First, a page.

One of the biggest challenges for B2B companies is what they do to keep prospects interested and engaged across a long-term, complex buying process. And, with buyers pushing sales conversations to the later stages, the bigger question becomes how to keep them moving to help them get there faster.
I submit to you that storytelling is the answer. Stories are an expression of movement. Stories, by their very nature, progress from beginning to middle to end.
Things happen in stories. The main character has a goal, overcomes conflict and gets to the happily ever after. In business terms, the client has a problem to overcome so they can achieve a strategic objective. Not so different.
Build Your Marketing Story
Stories link ideas - This is a key factor for your content strategy. The norm in the past has been one-off, one-way messaging that gets generated when an idea strikes or a particular event is happening within your company. Companies spend a lot of time "telling" prospective buyers what they should be thinking.
The difference with stories is that they position your communications to evolve. They build from one idea or premise to another. They pull buyers forward in the process by giving them contextual reference points and discussing one topic at a time to transition them through the pipeline without anxiety or information overload. Another benefit to stories is that they establish your company's credibility, showcase impact and allow buyers to envision their future, once the pain has been eliminated.
To create a story strategy for momentum, map the complete knowledge transfer requirement and tackle a piece of it. Then give buyers a prod, or preview, into the next piece they can either request, or that you'll be sending as a follow-up. Learning is a process. You can't just dump all the information on them at once and expect them to say - Yes! This is exactly what I need. Where do I sign?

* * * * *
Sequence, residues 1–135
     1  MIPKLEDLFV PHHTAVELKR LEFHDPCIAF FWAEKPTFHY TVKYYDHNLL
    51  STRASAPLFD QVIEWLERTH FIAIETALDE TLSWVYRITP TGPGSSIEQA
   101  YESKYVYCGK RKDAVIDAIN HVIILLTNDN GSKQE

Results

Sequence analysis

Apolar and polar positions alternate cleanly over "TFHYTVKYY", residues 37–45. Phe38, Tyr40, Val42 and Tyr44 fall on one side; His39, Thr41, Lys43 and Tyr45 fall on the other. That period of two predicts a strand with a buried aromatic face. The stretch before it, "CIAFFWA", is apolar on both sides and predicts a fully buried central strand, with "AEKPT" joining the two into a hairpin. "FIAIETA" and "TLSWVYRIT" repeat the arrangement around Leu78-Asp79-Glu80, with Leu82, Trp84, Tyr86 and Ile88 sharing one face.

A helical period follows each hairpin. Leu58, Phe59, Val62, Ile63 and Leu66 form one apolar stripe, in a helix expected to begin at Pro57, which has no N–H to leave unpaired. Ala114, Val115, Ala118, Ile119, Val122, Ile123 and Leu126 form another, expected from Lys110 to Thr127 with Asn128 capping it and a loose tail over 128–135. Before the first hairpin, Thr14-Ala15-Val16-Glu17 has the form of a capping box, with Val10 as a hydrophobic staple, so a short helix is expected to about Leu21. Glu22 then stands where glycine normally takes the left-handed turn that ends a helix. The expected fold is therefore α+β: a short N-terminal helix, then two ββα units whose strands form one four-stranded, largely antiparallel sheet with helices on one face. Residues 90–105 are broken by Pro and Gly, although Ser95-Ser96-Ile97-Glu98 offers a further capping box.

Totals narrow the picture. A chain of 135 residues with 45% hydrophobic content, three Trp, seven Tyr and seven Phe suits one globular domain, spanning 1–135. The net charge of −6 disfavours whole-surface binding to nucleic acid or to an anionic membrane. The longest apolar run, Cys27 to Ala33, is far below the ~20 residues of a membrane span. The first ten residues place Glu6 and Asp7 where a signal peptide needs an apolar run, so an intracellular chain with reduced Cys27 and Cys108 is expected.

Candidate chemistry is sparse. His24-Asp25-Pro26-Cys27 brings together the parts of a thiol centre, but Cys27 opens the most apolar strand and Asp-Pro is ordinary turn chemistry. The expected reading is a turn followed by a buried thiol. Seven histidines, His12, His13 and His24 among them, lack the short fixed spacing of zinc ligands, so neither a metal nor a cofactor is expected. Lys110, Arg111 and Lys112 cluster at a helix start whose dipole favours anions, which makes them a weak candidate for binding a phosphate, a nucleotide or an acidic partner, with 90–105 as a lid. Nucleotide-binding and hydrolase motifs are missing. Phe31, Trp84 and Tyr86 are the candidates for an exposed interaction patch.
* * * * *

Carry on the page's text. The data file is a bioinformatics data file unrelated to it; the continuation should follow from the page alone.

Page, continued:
Especially not for a B2B complex sale.
Remember the ebb and flow of decision making. Buyers may move two steps forward and one step back, then forward again, as questions and obstacles occur. Look for places where they can get off track and plan ahead to address them before they happen.
Here's an example of how a "story" might exist for a buyer
An IT systems manager needs to roll out patches and updates across his network more quickly but doesn't have the technology and visibility to know which computing device needs what without a manual check.
He learns a variety of software tools are available to solve that problem. He also learns that these tools can update his inventory catalog. He's found your company via a search that returned a blog post at the top of the results page. Upon further investigation, your products look viable for his situation and he found a customer story that directly relates to his situation. Suddenly he's heading toward happily ever after.
Then, the step back - Your prospect slams the brakes on as he starts to question how easy this change is really going to be and whether your repoorting tools are really as customizable as you say. What if his expectations aren't met?
This doesn't have to be a set back because you prepared for this and are ready with a paper[ a story] that discusses all the steps of the implementation and the division of responsibility. You share testimonial proof[a story] that the solution can be implemented in less than three weeks. The buyer sees he can well manage his side of the requirements and gains confirmation that the reporting will do what he needs.
All the "I's" are dotted and "T's" are crossed. He's back to visualizing happy days and how he'll shine when the project comes off without a hitch.
Wait. The CIO is concerned that the new tool will won't adapt to their corporate compliance policies and that the total cost of ownership is too high.
Not to worry, you assure your buyer, and whisk him a link to an article or video[a story] that highlights the time savings achieved with your software and the customization capability that will map to their compliance policies. And the buyer becomes a customer.
You may not be selling IT software, but it's likely that this ebb and flow-from positive to hesitant-exists within your buyers' process. Salespeople and customers can help you narrow down the critical points where these step backs are likely to happen. By mapping the buying journey and preparing stories to handle each step, you're not only prepared, but elevating trust with each relevant, timely response to your buyers' needs.